Particularly drawn to the home and its residents, Sewanee, Tennessee based Jessica Wohl exploits the uncanny while subverting domestic representations of perfection and happiness. She uses obsession, personification and gothic overtones to convey the idea that looks can be deceiving, and she interprets the family, the posed portrait and the suburban tract home as stages where this unsettling dynamic plays out.
Glasgow based Lola Dupré is a multicultural collage artist and illustrator currently working in Portugal. Lola creates surreal and fragmented portraits, she uses multiple prints of the same image in different sizes that are combined in one piece. The collage work is handmade with paper, scissors and glue and the process takes a long time, 20 to 30 hours per image.
Baldwinsville, NY based artist Lacey McKinney‘s haunting portraits depict women and distorted figures, rendered in energetic strokes and accented with bold patches of color.
McKinney demonstrates she is not afraid to continually reexamine her approach to the figure and investigate new ways in which it can be used to communicate ideas and manipulate aesthetic elements. The ideas she explores play with issues of identity and the complexities and ambiguities of “self. ” Her compositions give a nod to the multiple perspectives inherent to cubism.
Self-taught French artist Lou Ros launched his career on the streets of Paris at the tender age of 17 when he would go around tagging walls and creating bespoke graffiti art. Today, he’s exhibiting his paintings all across the world and has made a solid reputation for himself amongst the global art community. His art represents the visible and not so visible worlds. With paint brush in his hands colors fly, dance and rejoice with pleasure and passion.
“Through the colors, brush strokes, composition, background and rhythm of the painting, I attempt to create works which truly represent bodies in a space without distortion. Without having a clear idea of the final result, I stop my work before it seems finished. The moment where little is enough to suggest the structure interests me, leaving the spectator’s imagination open at the moment the scene is starting to appear. Knowing when to stop before saying too much is what I tried to do.” Lou Ros
Enköping, Sweden based Mikael Takacs uses pipettes to distribute acrylic paint across the canvas to create his subjects, which he then distorts by dragging the paint around using various tools, like sticks and combs.
Takacs combines the classic abstract expression of marbling with concrete figures. He prefers to blur the lines and to present an abstract artwork. According to him, abstract art makes the dialogue between the viewer and the piece of art more interesting. This results in intricate patterns that forms his subjects.
New York-based Ian Bertram is an artist interested in uncovering the hedonistic and fatalistic nature of man vs. self. A graduate of the School of Visual Arts in New York, Bertram was chosen as the Best New Talent of 2011 by Comicbookjesus.com, and selected to the Society of Illustrators 2012 Student Scholarship Competition.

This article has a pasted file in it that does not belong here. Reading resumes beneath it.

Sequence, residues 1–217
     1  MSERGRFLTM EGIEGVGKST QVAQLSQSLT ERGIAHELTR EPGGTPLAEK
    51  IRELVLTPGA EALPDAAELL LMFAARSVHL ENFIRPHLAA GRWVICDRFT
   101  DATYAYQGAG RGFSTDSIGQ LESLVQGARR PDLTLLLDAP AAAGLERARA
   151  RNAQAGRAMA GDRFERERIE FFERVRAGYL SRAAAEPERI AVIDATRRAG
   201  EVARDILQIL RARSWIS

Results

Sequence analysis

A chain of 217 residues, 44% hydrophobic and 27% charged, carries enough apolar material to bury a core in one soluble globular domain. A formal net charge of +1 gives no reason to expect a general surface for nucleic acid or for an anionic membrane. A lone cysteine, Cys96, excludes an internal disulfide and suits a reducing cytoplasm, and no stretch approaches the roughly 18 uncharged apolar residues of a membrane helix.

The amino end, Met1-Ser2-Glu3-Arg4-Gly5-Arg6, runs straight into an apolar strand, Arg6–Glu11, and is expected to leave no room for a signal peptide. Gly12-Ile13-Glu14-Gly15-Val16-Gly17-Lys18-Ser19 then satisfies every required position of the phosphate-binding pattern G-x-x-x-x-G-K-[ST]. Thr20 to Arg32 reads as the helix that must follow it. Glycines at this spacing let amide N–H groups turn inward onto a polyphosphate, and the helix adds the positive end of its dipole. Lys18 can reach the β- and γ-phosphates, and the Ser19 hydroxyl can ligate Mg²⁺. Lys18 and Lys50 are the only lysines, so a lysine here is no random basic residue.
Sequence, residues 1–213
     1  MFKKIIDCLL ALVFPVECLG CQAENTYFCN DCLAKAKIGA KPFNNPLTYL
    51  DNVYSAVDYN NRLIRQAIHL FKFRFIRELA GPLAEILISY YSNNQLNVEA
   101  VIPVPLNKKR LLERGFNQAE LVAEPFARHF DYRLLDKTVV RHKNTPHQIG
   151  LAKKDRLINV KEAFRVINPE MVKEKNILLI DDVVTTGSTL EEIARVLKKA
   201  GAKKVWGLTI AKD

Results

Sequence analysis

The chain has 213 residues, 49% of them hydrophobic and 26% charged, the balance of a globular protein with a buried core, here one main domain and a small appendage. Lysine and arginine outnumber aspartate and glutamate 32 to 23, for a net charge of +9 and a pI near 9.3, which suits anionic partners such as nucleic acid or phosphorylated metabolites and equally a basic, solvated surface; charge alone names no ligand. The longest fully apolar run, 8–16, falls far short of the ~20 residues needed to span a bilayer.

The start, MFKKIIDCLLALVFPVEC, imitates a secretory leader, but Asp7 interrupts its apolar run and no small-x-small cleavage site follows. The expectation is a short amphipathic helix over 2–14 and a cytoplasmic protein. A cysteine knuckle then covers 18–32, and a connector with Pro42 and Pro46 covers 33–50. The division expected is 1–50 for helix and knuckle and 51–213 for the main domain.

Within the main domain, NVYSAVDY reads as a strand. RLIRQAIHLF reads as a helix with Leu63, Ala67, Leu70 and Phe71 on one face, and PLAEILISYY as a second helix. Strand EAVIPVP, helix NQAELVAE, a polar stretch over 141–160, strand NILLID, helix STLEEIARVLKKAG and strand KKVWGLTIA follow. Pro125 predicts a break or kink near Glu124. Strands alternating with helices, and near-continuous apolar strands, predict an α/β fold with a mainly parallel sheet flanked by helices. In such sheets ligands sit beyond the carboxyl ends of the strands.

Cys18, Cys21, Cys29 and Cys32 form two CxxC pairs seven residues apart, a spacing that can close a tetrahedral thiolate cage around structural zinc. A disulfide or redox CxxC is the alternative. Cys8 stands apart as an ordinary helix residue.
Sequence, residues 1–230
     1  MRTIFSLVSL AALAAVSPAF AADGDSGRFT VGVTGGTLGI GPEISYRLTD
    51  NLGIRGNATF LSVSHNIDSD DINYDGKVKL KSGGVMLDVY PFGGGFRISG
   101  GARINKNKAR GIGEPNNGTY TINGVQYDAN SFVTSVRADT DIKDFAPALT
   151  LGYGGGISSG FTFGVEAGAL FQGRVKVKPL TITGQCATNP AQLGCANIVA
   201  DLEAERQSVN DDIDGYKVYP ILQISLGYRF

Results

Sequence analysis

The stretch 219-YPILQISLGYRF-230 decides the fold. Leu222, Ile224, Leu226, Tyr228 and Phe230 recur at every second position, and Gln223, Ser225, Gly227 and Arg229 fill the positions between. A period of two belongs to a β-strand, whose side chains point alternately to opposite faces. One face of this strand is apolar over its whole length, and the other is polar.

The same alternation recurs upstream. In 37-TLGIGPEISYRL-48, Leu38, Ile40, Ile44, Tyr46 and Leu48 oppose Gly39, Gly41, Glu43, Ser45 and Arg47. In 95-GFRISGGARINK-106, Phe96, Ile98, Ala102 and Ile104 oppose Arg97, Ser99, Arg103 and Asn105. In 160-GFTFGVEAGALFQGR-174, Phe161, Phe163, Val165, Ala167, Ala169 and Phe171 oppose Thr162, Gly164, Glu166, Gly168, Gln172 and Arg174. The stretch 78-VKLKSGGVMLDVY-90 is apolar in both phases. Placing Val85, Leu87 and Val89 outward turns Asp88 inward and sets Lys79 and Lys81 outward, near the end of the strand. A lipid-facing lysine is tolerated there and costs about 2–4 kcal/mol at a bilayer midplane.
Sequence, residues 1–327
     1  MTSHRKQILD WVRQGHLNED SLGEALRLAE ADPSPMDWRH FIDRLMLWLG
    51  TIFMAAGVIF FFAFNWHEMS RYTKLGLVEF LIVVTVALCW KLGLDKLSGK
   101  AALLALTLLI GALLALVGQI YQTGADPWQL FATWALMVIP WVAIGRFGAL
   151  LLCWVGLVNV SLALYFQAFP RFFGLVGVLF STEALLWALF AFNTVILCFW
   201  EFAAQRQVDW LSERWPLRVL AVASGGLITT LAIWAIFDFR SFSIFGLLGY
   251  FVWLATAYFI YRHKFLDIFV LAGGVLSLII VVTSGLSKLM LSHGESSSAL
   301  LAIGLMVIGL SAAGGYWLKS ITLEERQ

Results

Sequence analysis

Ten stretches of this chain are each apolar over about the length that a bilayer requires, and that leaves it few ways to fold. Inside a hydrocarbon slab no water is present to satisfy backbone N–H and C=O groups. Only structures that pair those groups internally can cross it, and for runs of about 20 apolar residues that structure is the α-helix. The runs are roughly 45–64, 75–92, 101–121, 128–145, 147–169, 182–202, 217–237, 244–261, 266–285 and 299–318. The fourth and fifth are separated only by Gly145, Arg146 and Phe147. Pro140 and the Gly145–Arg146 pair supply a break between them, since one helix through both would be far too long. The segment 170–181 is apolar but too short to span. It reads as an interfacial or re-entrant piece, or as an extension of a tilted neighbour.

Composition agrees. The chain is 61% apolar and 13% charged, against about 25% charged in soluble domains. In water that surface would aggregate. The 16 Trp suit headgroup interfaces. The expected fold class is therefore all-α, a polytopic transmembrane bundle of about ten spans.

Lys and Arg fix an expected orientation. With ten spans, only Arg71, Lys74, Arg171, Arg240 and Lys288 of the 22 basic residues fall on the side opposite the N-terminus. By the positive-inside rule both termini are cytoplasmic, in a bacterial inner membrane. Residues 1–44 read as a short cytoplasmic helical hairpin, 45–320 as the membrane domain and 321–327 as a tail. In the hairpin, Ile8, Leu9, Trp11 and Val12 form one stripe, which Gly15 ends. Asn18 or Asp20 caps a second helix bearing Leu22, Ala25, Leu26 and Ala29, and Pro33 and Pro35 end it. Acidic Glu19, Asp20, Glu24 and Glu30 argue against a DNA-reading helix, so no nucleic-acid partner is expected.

By combining precise, meditative mark making, with visceral and sudden actions, he creates mystical, grotesque, and primal portraits of ennui and the strange by way of drawing and painterly techniques.
Travis Louie was born in Queens, New York in 1964 and is currently living and working in the Hudson Valley area. He paints fascinating portraits which appear to have been unearthed from dusty vaults originating from the bygone days of some 19th century alternative reality. Louie’s portfolio is a truly magnificent archive of monochrome and sepia tinted imagery, all populated with curious characters and charismatic creatures, adorned in their finest Sunday bests; which, one can only assume, were lovingly pulled off the hangers from within their Victorian era closets and worn with pride.
Although Louie’s aesthetic may affectionately borrow from the past, much of the inspiration for his thematic content is very much rooted within his experiences in the present. Being an Asian American and having been exposed to the torment of racism and xenophobia while growing up, Louie imbues his wonderful ensemble of characters with his powerful empathetic emotions, through which they essentially personify a triumphant celebration of our contemporary cultures’ multiracial diversity.
Check out the post-apocalyptic art by Moscow-based artist, photographer, and movie maker, Yuri Shwedoff. Hisdystopian themes, often illustrating science-fiction like fantasies, merge technology and biology. The illustrations are defined by outdoor environments, portraits, and urban and suburban settings that are familiar yet strangely surreal.
Florida-based artist Scott Scheidly‘s work is in the style of pop-surrealism. It features realistic interpretations of the surreal, fused with pop culture references. The fantastic series of pink portraits will be shown at Art Market San Francisco.